It seems to be an inescapable part of growing older: asking, “Do you remember -” and increasingly finding the answer is, “No.” The Rite Spot, Shasta Maid, Redding Bakery, Shasta Bakery, the Shack, Midway Inn, Ramona’s, Holly Cafe – for longtime locals, those exist only in memories; sometimes the location has been erased, paved over or left to the nonstop erosion of time.
Femme de Joie was just a wee tot when she and Maman de Joie visited the old Gold Street Cafe – in particular she remembers a slice of caramel layer cake; a few days later she asked Maman if she thought the cafe still had any. Over the years there were many visits to Gold Street Cafe; it was inexpensive, quick, and the diner-style food was pretty good, with the homemade pies in a glass display case a standout. Then the cafe was sold a couple of times and finally closed in late 2014.
A few months ago a banner appeared on the east wall of that building, announcing that Trendy’s would open soon. Now Femme de Joie has to say here and now that she thought Trendy’s was an awful name for a restaurant. It sounds like a place in the mall selling cheap fall-apart jewelry to teenage girls. But the reviews on Yelp and Trip Advisor were generally positive, and the food photos looked luscious, so how bad could it be?
The old pastel paint and faux-Victorian decor is gone, replaced with sleek black and white paint and accents of red. A major and much-needed change was changing the restrooms around so you don’t have to walk outside the building to get to them. Service is generally fast and on the chatty side.
Corned beef hash and eggs, $11.00
Corned beef hash is made in-house and did taste homemade, though there didn’t seem to be a lot of it on the plate. Amico del Signore asked for hash browns and was told Trendy’s doesn’t serve them, but that the garlic herb house potatoes were “really special.” We found them not-special without much garlic or herb taste, just home fries by another name.
Griddle cakes were recommended with the corned beef hash and the waitress assured us that “everything is homemade.” From where M. de Joie sat, she could clearly see the restaurant-sized boxes of Krusteaz Pancake Mix on a shelf in the back, so she wasn’t terribly surprised when the pancakes proved to be very sweet with overwhelming vanilla taste. Perhaps the Krusteaz is used for a purpose other than pancakes, but having used this product herself, Femme de Joie feels this is the “homemade” pancake batter. Some people consider adding an egg and milk to a mix to be homemade; M. de Joie is not one of those people. It reminds one of the very old joke about the young bride who went all over town looking for a box of scratch because her new husband told her that’s what his mother made cake from.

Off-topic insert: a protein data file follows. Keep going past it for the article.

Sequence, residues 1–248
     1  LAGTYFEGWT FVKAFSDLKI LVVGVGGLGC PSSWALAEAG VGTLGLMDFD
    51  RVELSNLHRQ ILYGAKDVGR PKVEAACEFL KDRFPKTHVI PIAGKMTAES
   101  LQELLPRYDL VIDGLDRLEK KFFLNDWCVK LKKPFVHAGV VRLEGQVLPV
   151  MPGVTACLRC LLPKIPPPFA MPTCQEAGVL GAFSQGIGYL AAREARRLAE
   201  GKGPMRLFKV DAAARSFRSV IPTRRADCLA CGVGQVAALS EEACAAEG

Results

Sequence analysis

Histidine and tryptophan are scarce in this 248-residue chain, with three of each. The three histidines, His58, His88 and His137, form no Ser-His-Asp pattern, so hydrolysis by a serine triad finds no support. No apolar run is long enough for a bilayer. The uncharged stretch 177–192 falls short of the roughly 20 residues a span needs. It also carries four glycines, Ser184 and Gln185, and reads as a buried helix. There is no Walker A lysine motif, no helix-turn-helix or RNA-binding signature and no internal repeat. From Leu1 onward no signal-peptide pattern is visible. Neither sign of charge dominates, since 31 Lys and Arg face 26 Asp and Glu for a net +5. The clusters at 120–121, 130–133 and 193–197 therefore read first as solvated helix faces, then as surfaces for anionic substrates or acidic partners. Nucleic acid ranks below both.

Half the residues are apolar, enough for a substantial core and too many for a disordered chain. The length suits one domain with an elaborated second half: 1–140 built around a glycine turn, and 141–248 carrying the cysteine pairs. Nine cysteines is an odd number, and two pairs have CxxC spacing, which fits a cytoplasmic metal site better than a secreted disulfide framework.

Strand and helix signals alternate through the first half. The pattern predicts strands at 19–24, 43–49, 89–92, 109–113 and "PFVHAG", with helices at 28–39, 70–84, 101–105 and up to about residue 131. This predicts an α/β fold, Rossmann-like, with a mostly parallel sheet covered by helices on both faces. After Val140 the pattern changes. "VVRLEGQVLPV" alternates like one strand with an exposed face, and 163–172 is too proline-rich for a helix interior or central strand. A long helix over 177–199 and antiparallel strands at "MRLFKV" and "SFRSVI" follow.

Country Fried Steak, $11.00
Eggs were ordered straight up; they arrived runny on top. While M. de Joie doesn’t mind this, most people would strenuously object being served uncooked egg white. Likewise undercooked was the roux for the gravy; the gravy tasted of raw flour. The country fried steak also suffered from raw flour underneath the crisp exterior – probably from cooking too fast so that the outside was done before the entire coating was cooked. The steak itself separated into curious layers when prodded with a knife.
Biscuit and gravy would have been good if (A) the biscuit had been baked all the way through and (B) not smothered in the raw-flour gravy.
Femme de Joie is a clean-plate ranger, but left quite a bit of this meal on her plate. Amico del Signore declined to accompany her on subsequent visits.
Two carnitas gringo tacos, $12, with house-made potato salad
The carnitas tacos were quite good, with juicy, tender meat, a spicy aioli over avocado slices, and melted cheese cradling the inside of the flour tortilla taco shell. The menu promised jicama slaw but what was delivered was cabbage. Potato salad had lots of dill pickle and was one of the better restaurant potato salads M. de Joie has tasted, There was a lot of empty territory on the plate, though; for $12.00 you’d expect a bit more actual food.
The Bomb Burger, $12.00, with fries, extra $1.00 for garlic and Parmesan
This is one of Trendy’s most popular items, or so the waitress said. The 1/3 pound burger itself was good, but the Cholula fried onions didn’t have any Cholula taste (there’s an oversized bottle of Cholula on M. de Joie’s kitchen counter at all times, so she’s quite familiar with the pequin-arbol flavor). The onions had a nice light crunch at first but as they cooled, the crunch morphed into a bready, starchy texture that didn’t enhance the burger and mostly wound up back on the plate, along with the none-too-fresh flap of leaf lettuce. The garlic fries were probably wonderful when they were hot, but Femme de Joie didn’t get to experience them then. When they arrived at her table, they were lukewarm and gummy. Maybe they were cooked at the beginning of the 15 minutes it took to get the order and had been patiently awaiting the burger.
After reading the glowing reviews online and hoping Trendy’s would carry on the diner food legacy of Gold Street Cafe, it’s almost as though M. de Joie visited an entirely different restaurant. There’s nothing wrong with Trendy’s that some basic timing and cooking practice can’t fix. But when the food is disappointing, the menu prices seem even higher than they are – and they do seem pricey for portion size and quality. She hopes that some simple kitchen management will take care of the problems. Trendy’s has plenty of fans, but right now Femme de Joie doesn’t see whatever it is they see.
Trendy’s. 1730 Gold Street at Railroad Avenue, Redding, CA 96001. 530-768-1499. Open Monday-Friday, 6:00 AM – 2:00 PM, Sunday 8:00 AM – 2:00 PM. Closed Saturdays, Cash and cards; no checks. No alcohol. Vegetarian and vegan options. Parking lot. Follow them on Facebook.